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The town had long been in dispute with the Duchy of Lancaster regarding the status and rights of the inhabitants. Many traditions surround Hungerford's association with John of Gaunt. Chief amongst them is that it was John himself who granted the inhabitants of the town the right to fish in the River Kennet, from Eldren Stubb (on the river just below Leverton) as far as Irish Stile (at least two miles below Kintbury).

To support this tradition, there is in the town's possession an ancient (and battered!) brass horn, which is said to have been given to the town by John of Gaunt, as guarantee of those rights. The horn has the word 'Hungerford' on one side, and on the other is a partially defaced word 'Actel' or 'Astel', along with the badge of the Crescent and Star, now recognized as the Arms of Hungerford.

It is said that there was a written charter confirming those rights, but that the Duchy copy was lost in the fire at John of Gaunt's Savoy Palace in The Strand during the riots of 1381, and that the town's copy was allegedly stolen in the days of Queen Elizabeth I. A detailed account of the events surrounding the trial in 1573 of the two men charged with the theft is given in the Reverend Summers' book Story of Hungerford. In summary, however, the court found that the burgesses of Hungerford were not a 'Corporation' sufficient to plead; that there was no proof of the removal of the documents from the town chest; and that even if documents had been taken, there was no proof that the town had suffered any loss as a result!

In the developing struggle between the Duchy and the burgesses of Hungerford, this 'Charters Case' encouraged the Duchy officials to attempt to regain control of the fishery, or at least to get some payment for it. If there was no charter proclaiming the right of free fishing, then the Duchy were going to try hard to prevent the apparent 'poaching' of its waters. For their part, the residents of Hungerford, having enjoyed free fishing for generations, were not going to give up the benefit lightly.

This strength of feeling may seem rather out of proportion to a generation who now in the 1980's fish the rivers largely as a recreation. But in the Middle Ages eating fish was an important part of the diet, a good source of protein throughout the year, and especially welcome during the late winter when the only meat available would have been salted during the autumn. Following the Reformation, the former fish-eating day of Friday became compulsory, with the addition of Saturday, and in 1563, Wednesday. The growing importance of fish made the right of free fishing especially valuable. A 'battle royal' commenced!

An appeal was made by the burgesses to Queen Elizabeth when she was staying at Salisbury with the Earl of Pembroke, who was High Steward of Hungerford. She replied, in the now famous letter, on 7th September, 1574, confirming 'that the said inhabitants should hereafter have use and enjoy without interruption all such liberties and profits and benefits as heretofore time out of mind and remembrance of man they had used and enjoyed'. This royal reply might appear at first a true shot in the arm for the townsmen, but note that at no stage did it actually spell out any specific right. It was, in effect, a very diplomatic document; the Queen clearly did not wish to get too involved in the struggle between the Duchy and some of its tenants!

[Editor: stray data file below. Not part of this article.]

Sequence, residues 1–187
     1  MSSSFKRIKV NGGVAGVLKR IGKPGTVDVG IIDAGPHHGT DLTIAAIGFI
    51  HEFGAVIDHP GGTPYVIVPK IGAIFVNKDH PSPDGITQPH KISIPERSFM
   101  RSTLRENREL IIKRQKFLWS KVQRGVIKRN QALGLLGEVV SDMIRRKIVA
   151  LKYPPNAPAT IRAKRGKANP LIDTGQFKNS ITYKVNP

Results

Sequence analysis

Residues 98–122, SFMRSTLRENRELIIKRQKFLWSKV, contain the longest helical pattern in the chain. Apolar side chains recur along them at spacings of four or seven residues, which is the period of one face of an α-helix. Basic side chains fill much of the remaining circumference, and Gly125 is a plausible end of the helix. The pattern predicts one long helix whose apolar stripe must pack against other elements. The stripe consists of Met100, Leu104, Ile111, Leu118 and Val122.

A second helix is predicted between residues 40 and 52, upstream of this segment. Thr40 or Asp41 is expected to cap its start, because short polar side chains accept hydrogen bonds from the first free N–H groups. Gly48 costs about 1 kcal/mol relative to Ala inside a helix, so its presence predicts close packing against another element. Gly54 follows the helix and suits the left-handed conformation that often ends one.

For the next 40 years or so, a succession of legal wrangles, inquiries, and surveys was carried out, and there are good accounts both in Summers' Story of Hungerford and Davis' The Story of an Ancient Fishery.

It was only after the death of Queen Elizabeth, during the reign of James I in 1611, that matters were eventually resolved. The Duchy set up yet another commission to inquire into the history of the 'Kynnett, commonly called the Hungerford Brook, famous above all rivers thereabouts for good trout, which fishery had been impaired by lewd and ill-disposed persons fishing unlawfully'. Of the many concluding statements, the following were perhaps the crux:

1. The fishing extended from Elder Stubb to Irish Stile;

2. The King (James I) was Lord Royal of all water except the mill pounds;

3. The townsmen of Hungerford had had the right of fishing in the waters, three days a week, time out of mind.

The inquiry had to a large extent gone against the townsfolk, and it signalled an end to the 'John of Gaunt' era of heresay rights. In the future, Hungerford was going to have its rights secured on a legal and recognized basis. As they were not a corporation, the townspeople decided to proceed by means of feoffees, or trustees.

The present Town and Manor of Hungerford, now a registered charity, is the immediate descendant of the 1617 feoffment. As Hungerford residents will know, many properties along the High Street (and elsewhere) still hold common rights - in all, a total of about one hundred and thirty houses enjoy this privilege.

Next is [Open Fields]

See also:

- The Case of the Missing Charters